#RussiaFail · Information Warfare · Russia

What Is Wrong With Russian Air Defense


Two things are driving the Russia leadership, and, therefore, Russian military deployments.

Greed and an insatiable desire to dominate.

Russia is too busy exporting their Pantsir S1/SA-22 systems to have the ability to protect their overcommitted needs in Syria, Ukraine, the Baltics, and everyplace else that needs protection in Russia and around the world.  Russia is too busy exporting these systems, they are scraping the bottom of the barrel to protect most of their own military, and therefore cannot provide sufficient systems to also protect their allies who are in desperate need.

They are struggling to maintain industry output, we know this from a myriad of reports. The S-400 system deployed to Latakia was unusual as instead of brand new launchers with BAZ-6909 tractors as sold to China, they overhauled and rebuilt Cold War era MAZ-543 8×8 launcher vehicles and refitted them to carry and shoot S-400 missiles. You do not do that unless you cannot get sufficient production quantities of the new item.

How do we know this?

a) they have committed a good number of their fleet of  96K6 Pantsir S1/SA-22 to Donbass, Crimea, Kaliningrad and along the Baltic States’ borders. They may be running short on systems, personnel and warstock to deploy any more anywhere else;
b) they may not be happy with Assad and might be planning to bail;
c) they might be afraid of the West baiting their systems in Syria and recording their emissions to develop jamming techniques

Notice that third option?  We called and told the Russians what we were doing and when.  They did not turn on their systems, they knew we would record their emissions, identify specific signatures, identify the waveforms, and develop countermeasures.  This is also more evidence that they did not shoot down our Tomahawks with fighter planes, nor did they jam them with electronic warfare.  Their training opportunity, to watch our missiles go by, was not taken to protect their priceless electronic signatures, known as TECHINT.

If you consider factor b, it is most likely a contributory factor to factor a.

Plus this, from an unsubmitted article shared by the author.  I kept peppering him with questions.  We both know the Russians have some serious, serious problems.  I didn’t know they were this bad, however.

The Chinese are buying the S-400 to get the 400 km range high altitude A2/AD capability. They do not care about short range defence.

Russian doctrine for operating the S-400 is to colocate with the S-400 battery short range SAM and SPAAG systems specifically optimised for defeat of cruise missiles, smart bombs and anti-radiation missiles – the short range system protects the A2/AD battery from cruise missile and air attack.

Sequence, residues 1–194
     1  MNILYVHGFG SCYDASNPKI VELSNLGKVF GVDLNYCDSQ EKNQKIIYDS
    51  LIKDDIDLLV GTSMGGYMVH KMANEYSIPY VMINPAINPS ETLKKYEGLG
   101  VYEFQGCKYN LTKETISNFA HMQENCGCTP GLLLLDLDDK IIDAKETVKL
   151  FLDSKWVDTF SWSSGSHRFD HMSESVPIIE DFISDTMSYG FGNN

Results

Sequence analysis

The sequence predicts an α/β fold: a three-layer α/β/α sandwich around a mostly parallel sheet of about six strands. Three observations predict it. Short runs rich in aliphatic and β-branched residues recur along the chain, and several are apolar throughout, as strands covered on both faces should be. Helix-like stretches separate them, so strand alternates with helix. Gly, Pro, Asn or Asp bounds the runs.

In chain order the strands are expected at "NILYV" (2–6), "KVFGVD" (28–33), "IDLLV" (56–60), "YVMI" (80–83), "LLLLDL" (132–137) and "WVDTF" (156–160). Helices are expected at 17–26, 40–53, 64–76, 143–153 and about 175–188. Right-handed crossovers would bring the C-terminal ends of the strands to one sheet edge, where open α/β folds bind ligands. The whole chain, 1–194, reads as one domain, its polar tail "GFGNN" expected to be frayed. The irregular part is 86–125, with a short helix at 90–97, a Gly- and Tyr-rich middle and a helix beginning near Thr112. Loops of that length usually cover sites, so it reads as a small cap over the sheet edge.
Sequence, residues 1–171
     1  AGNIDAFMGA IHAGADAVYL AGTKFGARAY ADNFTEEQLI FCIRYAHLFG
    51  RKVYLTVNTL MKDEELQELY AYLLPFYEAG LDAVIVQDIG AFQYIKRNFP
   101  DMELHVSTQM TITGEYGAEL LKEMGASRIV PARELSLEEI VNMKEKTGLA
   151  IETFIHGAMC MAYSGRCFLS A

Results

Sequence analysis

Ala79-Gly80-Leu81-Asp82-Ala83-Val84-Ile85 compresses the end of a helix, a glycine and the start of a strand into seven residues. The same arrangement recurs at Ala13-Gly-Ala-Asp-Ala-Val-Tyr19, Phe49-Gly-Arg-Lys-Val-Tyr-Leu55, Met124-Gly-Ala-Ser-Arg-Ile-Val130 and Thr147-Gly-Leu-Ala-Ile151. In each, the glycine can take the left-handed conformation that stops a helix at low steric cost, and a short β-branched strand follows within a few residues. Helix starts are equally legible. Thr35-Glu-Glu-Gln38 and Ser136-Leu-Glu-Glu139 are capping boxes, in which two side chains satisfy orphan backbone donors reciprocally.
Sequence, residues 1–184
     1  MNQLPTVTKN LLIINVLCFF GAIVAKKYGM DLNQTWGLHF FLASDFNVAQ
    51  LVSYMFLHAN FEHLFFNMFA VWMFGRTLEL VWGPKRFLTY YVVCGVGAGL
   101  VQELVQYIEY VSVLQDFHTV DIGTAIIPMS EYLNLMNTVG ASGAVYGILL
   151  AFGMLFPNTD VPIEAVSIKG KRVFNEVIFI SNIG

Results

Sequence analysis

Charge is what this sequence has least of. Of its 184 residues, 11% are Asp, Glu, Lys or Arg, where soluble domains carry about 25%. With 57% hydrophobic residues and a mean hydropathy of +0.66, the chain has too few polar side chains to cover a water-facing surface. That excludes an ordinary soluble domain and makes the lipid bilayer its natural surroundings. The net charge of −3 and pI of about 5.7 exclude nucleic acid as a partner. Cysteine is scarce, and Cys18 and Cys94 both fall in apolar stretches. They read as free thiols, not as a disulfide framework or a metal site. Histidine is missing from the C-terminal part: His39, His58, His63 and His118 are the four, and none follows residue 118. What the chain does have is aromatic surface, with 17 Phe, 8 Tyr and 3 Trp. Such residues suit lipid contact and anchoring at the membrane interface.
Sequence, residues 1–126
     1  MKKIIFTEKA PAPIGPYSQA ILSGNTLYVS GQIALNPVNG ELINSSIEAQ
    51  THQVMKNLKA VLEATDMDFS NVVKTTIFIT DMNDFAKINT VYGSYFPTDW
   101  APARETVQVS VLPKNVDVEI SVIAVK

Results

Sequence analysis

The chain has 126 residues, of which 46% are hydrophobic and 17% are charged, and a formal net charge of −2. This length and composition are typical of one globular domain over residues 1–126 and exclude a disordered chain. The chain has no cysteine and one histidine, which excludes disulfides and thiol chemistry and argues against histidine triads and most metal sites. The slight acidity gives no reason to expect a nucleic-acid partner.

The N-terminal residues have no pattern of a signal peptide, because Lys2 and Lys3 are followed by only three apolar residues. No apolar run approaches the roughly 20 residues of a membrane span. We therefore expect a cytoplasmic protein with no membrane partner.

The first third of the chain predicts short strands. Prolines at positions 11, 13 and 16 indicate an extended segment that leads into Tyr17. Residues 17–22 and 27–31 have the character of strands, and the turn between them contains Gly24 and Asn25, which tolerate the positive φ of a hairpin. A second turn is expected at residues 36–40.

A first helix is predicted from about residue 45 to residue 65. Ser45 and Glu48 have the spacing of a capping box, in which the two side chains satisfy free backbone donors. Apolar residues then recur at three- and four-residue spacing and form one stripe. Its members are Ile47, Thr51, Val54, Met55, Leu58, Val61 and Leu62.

IADS strategy – A2/AD supported by Counter-PGM:
http://www.dtic.mil/doctrine/jfq/jfq-57.pdf p86

Long Range A2/AD:
http://www.ausairpower.net/APA-S-300PMU2-Favorit.html
http://www.ausairpower.net/APA-Giant-Gladiator.html
http://www.ausairpower.net/APA-S-400-Triumf.html
http://www.ausairpower.net/APA-S-500-Triumfator-M.html

Short Range Counter-PGM:
http://www.ausairpower.net/APA-96K6-Pantsir-2K22-Tunguska.html
http://www.ausairpower.net/APA-9K331-Tor.html
Also the new S-350 Vityaz system now in development is intended to do this job.

What the Russians have done in Syria is to colocate at Latakia the S-400/SA-21 and the 96K6 Pantsir S1/SA-22. The intent of the former is to deny high and medium altitude airspace over most of Western Syria and Southern Turkey. The intent of the latter is to protect the former from the kind of attack the US executed last week. In terms of these two objectives, the deployment works as intended.

To protect the multiple airbases the Syrians operate from Tomahawk attacks the Russians would have to deploy a battery of the 96K6 Pantsir S1/SA-22 comprising 4-6 networked SPAAGM vehicles, and possibly a supporting mast mounted low altitude search radar, at each and every Syrian airfield to be defended.

In other words, in a desperate attempt to get money from arms sales, they are inadvertently hobbling their top of the line deployments.  Syria is supposed to be their showcase for their latest and greatest weapons. They need to showcase their top air defense systems, but they are overcommitted.  They are short on systems.  Hard Ruble generating equipment sales take priority over deployments.

That is a sad statement.  Russia can’t even protect their premier full-time arms show in Syria properly, they are overcommitted elsewhere. They are overcommitted because the systems they need are being sold to earn hard currency.

The sanctions are working.

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